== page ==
Gumshoe Gardening: Composting 101

This post begins a series called Gumshoe Gardening — today’s topic? Composting. If the words “Compost Tea” terrify you, you’re not alone.  I read those words today and was horrified, until I realized that people do not drink compost tea — they pour it on their plants.  Compost tea is made by steeping a bag of compost in water for several weeks; the liquid can then be used as a fertilizer for plants.  Let’s back up, though.  I’ve never made compost tea, I don’t have any compost I could use to make it, and, actually, I’m not even sure how composting works.  Hence, this post.

My only experience with composting so far has been an attempt my parents made about ten years ago.  They wrapped some metal screening around two trees that were close together to create a container, et voilà: a compost bin.  They told my sister Rachel and I that we could begin putting the rabbit poop we cleaned up in the bin.  In theory, we were also supposed to include food waste, but the kitchen was far away from the site and it became almost exclusively a rabbit poop dumping ground.

Since my “yard” has no trees, I will be exploring what some refer to as “urban composting.”  And maybe, eventually, I will try it out for myself.  For now, I’ve done some research, and here’s what I found.  Experienced composters, feel free to correct anything!

Basic Composting Vocab Lesson:

  • Organic Matter is generally anything living or once-living, from lettuce to a 100% cotton t-shirt to Kieran.  For composting, please use once-living organisms.
  • Microorganisms a.ka. Microbes are very tiny living things — organisms that can only be seen under a microscope.  In the realm of composting, most of the microbes we are concerned about are bacteria and fungi.  For an awesome (and cute) breakdown of compost consumers and the jobs they do, visit this site.
  • Compost is decomposed organic matter — usually with the assistance of microbes.  Everything that dies decomposes.  As one gardener said, we call it compost when we put it in a bin and watch it.
  • Compost Bin is a sturdy container that will hold compost.  It is quite helpful if this container is not, itself, biodegradable.  Plastic and metal work well.  Size depends on the household — some households use a great big trash can; a couple can probably use a much smaller container.
  • Compostables vary depending on the type of composting.  Industrial composting can handle decomposing many materials that household composting cannot because those facilities can get much hotter and produce more pressure.  This is why, for example, I would not want to compost Kieran. (Among other reasons.)  Household compostables should generally include only plant waste, since animal waste can attract animals.  And it’s gross. To maintain a good balance of microbes, compost bins should include a 40/60 or 50/50 ratio of green (wet) and brown (dry) ingredients.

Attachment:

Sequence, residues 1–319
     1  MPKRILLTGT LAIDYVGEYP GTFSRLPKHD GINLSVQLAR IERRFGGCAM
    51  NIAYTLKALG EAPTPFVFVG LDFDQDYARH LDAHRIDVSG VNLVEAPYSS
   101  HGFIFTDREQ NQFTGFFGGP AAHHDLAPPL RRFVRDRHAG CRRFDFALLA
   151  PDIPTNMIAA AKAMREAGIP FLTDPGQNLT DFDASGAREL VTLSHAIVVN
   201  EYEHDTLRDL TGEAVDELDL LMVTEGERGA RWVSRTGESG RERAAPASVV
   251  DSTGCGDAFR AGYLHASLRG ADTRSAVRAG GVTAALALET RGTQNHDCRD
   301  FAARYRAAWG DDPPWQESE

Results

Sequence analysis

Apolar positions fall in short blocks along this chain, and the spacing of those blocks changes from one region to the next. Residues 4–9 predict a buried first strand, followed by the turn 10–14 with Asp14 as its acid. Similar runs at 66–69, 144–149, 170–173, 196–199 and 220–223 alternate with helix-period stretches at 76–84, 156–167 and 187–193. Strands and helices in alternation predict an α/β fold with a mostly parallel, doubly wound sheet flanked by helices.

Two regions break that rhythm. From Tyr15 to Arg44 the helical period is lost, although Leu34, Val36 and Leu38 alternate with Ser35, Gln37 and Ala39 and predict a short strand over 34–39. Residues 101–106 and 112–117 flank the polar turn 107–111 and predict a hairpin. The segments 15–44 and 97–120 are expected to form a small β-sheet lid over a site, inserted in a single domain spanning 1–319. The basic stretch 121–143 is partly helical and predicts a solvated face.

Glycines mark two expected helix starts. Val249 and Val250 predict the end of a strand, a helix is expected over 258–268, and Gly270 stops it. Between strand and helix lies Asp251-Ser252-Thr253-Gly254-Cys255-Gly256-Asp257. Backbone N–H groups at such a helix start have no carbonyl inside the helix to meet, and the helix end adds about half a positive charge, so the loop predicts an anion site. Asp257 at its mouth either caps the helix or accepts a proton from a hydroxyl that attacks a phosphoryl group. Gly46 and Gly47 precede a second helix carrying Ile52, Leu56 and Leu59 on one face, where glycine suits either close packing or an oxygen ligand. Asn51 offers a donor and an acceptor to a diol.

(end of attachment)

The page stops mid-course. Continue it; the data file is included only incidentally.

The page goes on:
• Green/Wet ingredients: Just how it sounds. Includes fruit and vegetable scraps, used tea leaves, and grass clippings.
  • Brown/Dry ingredients: Also how it sounds.  Includes coffee grounds, nut shells, dead yard waste like leaves, pine cones and pine needles, and paper.
  • Aeration: Mixing air into compost. This can be done in various high-tech ways; most people just stir.

Urban composting is just composting in the city.  It’s not much different than “regular” composting, except that it is on a smaller scale because many urban dwellers like myself have access to fewer compostables.  For instance, we don’t have a yard from which to gather yard waste.

My gardening goals until next time?

  1. Find a compost bin and put stuff in it.
  2. Research and report on container gardening; possibly go to a gardening center and ask questions.
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2 Comments to “Gumshoe Gardening: Composting 101”

  1. Hey Brynna, my recommendation would be the EarthMachine compost bin. They are easy to set-up and use, though they’re sort of big, so you have to find a good place to put it. Good luck!

    http://www.oregonmetro.gov/index.cfm/go/by.web/id=557

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